Tire Mounting & Balancing

Tire Mounting & Balancing

What to Know About Spare Tires

Unless your vehicle is equipped with runflat tires, your vehicle comes with a spare tire that needs to be checked from time to time. It is useless to be driving around with a flat, or otherwise inoperable tire in the trunk of your vehicle. Even if you have a road side assistance program, and never intend to change the tire yourself, it is important to keep your spare and tire changing equipment in operating condition. The emergency service provider may elect to change the tire where you are stranded, rather than send a Wrecker to flat bed or tow the vehicle. During busy travel weekends, your emergency service provider may be unavailable to send the wrecker or mobile service truck, in which case you are may be forced to change the tire yourself. Your flat tire may leave you stranded in an area where it is best to change the tire yourself in the interest of time and safety. Also, your tire size may not be available at the service center, which could mean a delay for them to find the appropriate replacement. In any of these situations, having the spare is imperative for safety and convenience.

There are three different types of spare tires you may find come equipped with your vehicle.

  • A full-size spare tire and wheel is just like any of your other tires. These are common on mid-size and full size SUVs, pick-up trucks and some sporty sedans. Most full-size spares are the exact size and mounted on the same wheel as the other tires. In this case, it is a good idea to include your spare tire in your regular rotation sequence, which helps keep all the tires lasting longer. When you go to replace your tires, you can purchase in a set of five, keeping one tire at a time stored in the vehicle in case of emergency. Full-size spare tires allow you to drive as far as you need, for as long as you like.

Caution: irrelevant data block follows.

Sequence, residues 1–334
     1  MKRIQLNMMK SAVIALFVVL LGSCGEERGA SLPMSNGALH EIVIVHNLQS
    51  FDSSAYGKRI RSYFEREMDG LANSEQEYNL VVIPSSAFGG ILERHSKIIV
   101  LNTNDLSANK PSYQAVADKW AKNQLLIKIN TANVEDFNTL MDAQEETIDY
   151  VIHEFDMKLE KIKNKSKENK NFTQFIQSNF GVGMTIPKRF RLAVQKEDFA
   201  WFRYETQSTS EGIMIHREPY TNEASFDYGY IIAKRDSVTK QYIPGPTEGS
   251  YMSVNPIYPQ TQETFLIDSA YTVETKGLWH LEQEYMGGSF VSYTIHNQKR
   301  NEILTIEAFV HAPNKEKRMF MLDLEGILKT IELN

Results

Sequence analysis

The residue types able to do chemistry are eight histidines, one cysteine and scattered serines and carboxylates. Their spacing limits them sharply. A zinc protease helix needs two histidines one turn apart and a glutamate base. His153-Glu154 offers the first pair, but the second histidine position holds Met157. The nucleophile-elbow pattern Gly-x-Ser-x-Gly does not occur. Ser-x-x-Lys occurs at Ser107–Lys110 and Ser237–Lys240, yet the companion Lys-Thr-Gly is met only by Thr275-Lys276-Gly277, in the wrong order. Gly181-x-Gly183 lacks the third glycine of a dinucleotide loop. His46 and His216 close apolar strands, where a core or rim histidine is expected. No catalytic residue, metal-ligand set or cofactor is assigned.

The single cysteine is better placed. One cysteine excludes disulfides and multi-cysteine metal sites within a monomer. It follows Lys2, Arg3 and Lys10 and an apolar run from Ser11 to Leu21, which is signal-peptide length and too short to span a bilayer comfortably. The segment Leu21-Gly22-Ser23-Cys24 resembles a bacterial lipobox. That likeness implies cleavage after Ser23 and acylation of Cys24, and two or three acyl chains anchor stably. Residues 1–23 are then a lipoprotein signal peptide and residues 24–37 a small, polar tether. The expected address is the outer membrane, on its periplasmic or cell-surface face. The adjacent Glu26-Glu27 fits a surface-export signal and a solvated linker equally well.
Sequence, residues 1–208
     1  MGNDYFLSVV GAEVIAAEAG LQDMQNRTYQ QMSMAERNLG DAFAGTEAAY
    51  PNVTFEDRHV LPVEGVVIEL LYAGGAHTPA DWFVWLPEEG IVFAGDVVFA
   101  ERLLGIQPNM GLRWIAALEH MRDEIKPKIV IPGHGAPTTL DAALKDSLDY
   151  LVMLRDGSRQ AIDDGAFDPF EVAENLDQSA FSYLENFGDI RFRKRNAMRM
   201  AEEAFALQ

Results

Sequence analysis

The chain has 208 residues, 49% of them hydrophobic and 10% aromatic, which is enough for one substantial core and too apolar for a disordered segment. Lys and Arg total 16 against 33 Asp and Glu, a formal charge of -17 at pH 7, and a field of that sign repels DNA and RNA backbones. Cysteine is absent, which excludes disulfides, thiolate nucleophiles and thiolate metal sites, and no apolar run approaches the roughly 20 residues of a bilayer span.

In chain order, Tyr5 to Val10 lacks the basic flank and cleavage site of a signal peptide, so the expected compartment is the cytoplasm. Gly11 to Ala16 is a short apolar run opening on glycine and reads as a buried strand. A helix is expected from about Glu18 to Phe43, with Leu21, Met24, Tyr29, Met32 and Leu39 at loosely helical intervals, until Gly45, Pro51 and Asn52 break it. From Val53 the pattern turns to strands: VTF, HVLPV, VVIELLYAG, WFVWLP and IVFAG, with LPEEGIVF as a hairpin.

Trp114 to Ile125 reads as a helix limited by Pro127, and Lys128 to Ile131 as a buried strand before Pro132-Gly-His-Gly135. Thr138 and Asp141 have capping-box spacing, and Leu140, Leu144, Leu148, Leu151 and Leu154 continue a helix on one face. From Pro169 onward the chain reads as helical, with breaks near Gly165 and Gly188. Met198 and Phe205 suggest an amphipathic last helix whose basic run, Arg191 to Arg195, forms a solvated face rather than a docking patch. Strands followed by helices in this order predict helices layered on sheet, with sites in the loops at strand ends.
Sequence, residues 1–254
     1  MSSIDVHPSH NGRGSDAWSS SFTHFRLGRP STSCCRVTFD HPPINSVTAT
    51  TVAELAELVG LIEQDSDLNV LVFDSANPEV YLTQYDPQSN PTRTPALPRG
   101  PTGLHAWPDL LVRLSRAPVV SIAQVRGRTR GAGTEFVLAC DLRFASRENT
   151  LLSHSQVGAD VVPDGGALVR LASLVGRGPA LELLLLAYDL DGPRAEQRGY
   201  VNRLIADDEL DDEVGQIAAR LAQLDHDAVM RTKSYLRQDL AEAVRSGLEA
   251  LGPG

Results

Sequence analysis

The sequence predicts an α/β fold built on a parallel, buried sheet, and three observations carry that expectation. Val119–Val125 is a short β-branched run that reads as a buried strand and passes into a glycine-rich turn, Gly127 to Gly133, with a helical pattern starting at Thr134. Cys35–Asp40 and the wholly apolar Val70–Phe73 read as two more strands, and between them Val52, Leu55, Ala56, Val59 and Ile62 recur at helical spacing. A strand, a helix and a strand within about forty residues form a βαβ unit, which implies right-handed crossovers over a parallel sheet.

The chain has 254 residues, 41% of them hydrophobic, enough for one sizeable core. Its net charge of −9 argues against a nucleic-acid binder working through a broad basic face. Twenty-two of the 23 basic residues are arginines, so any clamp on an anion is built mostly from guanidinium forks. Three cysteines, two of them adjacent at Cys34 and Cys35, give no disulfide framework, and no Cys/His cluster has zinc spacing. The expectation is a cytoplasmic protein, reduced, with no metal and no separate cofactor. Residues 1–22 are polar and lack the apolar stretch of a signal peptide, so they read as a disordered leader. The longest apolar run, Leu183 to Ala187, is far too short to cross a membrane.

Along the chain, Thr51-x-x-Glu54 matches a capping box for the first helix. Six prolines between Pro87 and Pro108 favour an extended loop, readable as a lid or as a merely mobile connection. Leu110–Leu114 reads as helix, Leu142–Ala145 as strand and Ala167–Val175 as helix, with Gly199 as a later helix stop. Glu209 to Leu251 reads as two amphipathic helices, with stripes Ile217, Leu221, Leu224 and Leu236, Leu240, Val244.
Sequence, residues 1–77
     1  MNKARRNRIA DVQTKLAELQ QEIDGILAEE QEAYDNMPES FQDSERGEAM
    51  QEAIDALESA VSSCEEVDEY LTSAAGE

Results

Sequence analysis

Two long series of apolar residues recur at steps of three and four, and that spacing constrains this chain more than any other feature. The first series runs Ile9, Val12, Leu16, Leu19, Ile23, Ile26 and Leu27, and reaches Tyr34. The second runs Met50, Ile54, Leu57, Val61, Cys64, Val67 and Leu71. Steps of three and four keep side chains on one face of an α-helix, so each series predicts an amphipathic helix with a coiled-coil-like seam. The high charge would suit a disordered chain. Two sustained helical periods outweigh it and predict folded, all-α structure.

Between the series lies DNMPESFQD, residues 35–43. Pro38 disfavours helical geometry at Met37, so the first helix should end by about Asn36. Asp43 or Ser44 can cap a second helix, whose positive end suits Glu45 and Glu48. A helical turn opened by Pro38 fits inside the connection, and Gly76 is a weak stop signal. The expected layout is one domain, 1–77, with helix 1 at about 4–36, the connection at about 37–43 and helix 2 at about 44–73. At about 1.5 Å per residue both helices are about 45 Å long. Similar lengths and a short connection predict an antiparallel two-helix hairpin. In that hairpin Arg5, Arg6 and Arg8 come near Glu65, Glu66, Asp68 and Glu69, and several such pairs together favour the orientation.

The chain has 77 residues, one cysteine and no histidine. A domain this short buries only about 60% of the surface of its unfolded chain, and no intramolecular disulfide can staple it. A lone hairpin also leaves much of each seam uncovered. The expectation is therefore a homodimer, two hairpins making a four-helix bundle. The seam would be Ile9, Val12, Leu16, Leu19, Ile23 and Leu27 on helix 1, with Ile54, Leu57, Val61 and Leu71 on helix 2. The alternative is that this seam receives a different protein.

• Some vehicles come with full-size temporary spare tires. These tires accurately match the original tire dimensions, but the wheel and tire could be made from lightweight materials that won't hold up over long distances. These tires are intended for use only in emergencies as a temporary replacement. A temporary spare tire will be marked as such, so you can know the difference by checking the sidewall of the spare tire.
  • The most common spare tire are compact temporary spares. These tires are specially designed to fit into a compact space, but still be serviceable on a temporary basis. Never attempt to use a compact temporary spare on another vehicle to the vehicle it came with. Also, the smaller dimensions of these tires require them to be inflated to a higher air pressure than the rest of your tires. Compact temporary spares are meant to get you from the side of the road to a tire dealer that can replace or fix your flat tire.

Regardless of which type of spare tire your vehicle is equipped with, the process to safely change the tire is the same. See the tires-easy.com How to Safely Change Your Tires or our other Knowledge Base article for a step-by-step explanation.

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Tire Considerations when Switching to Custom Wheels